PAWTUCKET – The City Council’s Board of License Commissioners has rejected a request from the owner of Vibe Lounge & Hookah Bar at 25 Broad St. to remove a mandatory four-person police detail.
Under a multi-part agreement reached between the city and Vibe owners Victor and Leslie Silva in October, in response to multiple actions taken against the establishment for late closures and unruly and violent behavior, the owners were required to increase the number of police in a nightly detail from two to three, plus a supervisor.
At its Dec. 8 meeting, the board rejected Victor Silva’s request to remove that detail as a cost-saving measure, saying the cost of it is impacting the business and putting him in jeopardy of shutting down. Four detail officers, he said, is “a little bit of an overkill,” explaining that the club isn’t getting the same overflow volume of people as when Massachusetts was shut down due to COVID.
At a recent Friday night event where no alcohol was served and the event was over by 11:30 p.m., he said they were still required to have the detail on from 10 p.m. to 2 a.m., at a total cost of $930 for the night. He said he’s spent some $29,000 on police details since June.
“I don’t know how much longer we last with the mandated detail,” he said, adding that he’s voluntarily closed at times to avoid the cost. “With everything opened back up, people are not coming here like they were before.”
Silva then requested that the details be left up to the owners’ discretion, such as on big nights like New Year’s Eve.
Councilor Mark Wildenhain then asked what happens if they decide not to have a detail and then an incident takes place. He said the city can’t afford to have groups disrupting life for residents in the area and causing problems requiring police presence at 2 a.m.
Silva also asked that the city shift the burden onto all downtown establishments, saying they should share the cost of detail officers.
Councilor Melissa DaRosa said she doesn’t see why the owners have to maintain details at odd times, at which point Councilor Terry Mercer reminded her that the board she’s on set that stipulation as part of a settlement agreement. DaRosa told Silva she hopes he understands that they can’t just leave it up to his discretion.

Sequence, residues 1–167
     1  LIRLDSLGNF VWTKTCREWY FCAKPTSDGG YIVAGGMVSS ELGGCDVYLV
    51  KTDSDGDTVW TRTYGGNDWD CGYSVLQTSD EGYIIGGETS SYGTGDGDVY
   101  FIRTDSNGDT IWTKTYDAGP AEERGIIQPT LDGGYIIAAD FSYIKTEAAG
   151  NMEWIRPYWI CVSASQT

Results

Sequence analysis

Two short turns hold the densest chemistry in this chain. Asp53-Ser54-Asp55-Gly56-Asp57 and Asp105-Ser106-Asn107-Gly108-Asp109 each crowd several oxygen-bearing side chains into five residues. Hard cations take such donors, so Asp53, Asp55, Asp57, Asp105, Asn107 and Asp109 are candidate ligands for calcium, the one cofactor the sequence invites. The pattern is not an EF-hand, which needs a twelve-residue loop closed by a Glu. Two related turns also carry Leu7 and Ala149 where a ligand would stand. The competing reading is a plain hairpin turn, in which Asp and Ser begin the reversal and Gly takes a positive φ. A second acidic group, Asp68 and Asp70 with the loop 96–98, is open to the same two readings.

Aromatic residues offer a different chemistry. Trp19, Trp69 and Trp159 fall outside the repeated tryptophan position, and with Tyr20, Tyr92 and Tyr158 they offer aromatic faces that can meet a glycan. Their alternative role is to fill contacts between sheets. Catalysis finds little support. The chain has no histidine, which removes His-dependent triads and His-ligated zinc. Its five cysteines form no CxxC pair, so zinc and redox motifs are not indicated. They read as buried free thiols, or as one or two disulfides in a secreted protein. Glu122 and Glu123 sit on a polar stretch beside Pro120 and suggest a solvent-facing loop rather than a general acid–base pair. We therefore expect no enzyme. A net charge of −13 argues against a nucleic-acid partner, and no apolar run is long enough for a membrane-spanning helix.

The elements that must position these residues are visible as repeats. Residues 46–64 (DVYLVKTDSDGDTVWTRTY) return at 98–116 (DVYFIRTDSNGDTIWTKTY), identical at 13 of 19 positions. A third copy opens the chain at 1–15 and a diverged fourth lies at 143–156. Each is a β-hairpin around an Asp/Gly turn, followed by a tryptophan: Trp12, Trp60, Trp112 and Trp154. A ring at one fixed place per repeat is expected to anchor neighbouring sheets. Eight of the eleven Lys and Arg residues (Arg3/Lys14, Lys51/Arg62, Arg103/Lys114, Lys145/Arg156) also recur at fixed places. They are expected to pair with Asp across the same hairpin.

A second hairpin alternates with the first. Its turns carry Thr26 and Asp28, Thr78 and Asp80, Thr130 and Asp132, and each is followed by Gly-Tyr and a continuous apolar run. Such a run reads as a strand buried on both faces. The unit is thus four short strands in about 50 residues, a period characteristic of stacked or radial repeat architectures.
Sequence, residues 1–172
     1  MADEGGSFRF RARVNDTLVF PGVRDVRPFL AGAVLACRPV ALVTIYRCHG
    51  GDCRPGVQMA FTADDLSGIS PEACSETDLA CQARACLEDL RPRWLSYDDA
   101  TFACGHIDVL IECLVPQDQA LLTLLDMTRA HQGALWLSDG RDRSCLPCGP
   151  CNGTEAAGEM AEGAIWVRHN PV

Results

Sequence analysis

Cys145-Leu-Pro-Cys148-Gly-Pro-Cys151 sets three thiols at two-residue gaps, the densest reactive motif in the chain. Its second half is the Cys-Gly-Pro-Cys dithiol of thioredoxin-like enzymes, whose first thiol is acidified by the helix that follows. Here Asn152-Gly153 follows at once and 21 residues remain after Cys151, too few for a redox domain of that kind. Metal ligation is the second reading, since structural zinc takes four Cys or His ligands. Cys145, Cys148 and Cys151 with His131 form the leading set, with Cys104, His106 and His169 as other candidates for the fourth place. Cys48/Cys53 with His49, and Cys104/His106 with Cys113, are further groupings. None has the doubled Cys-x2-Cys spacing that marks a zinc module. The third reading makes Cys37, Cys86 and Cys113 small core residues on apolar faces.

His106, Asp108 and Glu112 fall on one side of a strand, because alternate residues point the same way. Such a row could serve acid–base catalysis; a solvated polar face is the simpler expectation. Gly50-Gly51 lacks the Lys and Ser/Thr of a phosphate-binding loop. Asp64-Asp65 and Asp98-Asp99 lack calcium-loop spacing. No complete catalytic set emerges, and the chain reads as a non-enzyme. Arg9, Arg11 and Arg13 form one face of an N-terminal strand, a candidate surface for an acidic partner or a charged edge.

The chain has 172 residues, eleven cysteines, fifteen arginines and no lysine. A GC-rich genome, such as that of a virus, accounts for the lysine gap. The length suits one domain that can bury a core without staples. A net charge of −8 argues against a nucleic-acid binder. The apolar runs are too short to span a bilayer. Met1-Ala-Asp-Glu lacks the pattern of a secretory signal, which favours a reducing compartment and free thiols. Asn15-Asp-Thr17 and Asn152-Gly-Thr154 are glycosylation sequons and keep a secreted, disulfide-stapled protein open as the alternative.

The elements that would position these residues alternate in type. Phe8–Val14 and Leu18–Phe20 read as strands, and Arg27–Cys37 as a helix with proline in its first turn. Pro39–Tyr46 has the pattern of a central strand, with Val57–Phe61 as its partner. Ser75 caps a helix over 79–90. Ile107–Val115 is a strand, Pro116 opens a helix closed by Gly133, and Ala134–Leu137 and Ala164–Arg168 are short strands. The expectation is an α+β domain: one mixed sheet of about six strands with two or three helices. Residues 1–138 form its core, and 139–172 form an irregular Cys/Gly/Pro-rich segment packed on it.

Capt. David Holden said that due to the nature and frequency of past events, police are looking for the police detail stipulation to continue, though he noted that there have been no incidents in two months and the owners have been very responsive.
The board ultimately decided to reduce the police detail from four to three for the next 60 days, but Silva said that won’t help him much.
Council President David Moran then asked him if he realizes why the stipulation was put in place.
“Because of what happened in the past, you can’t wipe that away,” he said, adding that the council wants to see a longer period of time with this newly clean track record.
It seems like Vibe is moving in the right direction, he said, but they can’t simply go from four officers to zero “because you’re not getting people in the door.”
Silva apologized “for the mistakes we messed up on.”
Wildenhain said the board can re-evaluate the situation at a later point.
Silva asked if the time for the police detail could be reduced to 30 days, but Mercer responded that the board will meet him in the middle, at 45 days. Police remain leery, he said, so that makes the board leery.
Mercer said the board will hopefully get back to the point of trusting the owners, saying “every single license holder starts at their discretion,” and the owners violating that trust is why the sides are at this point.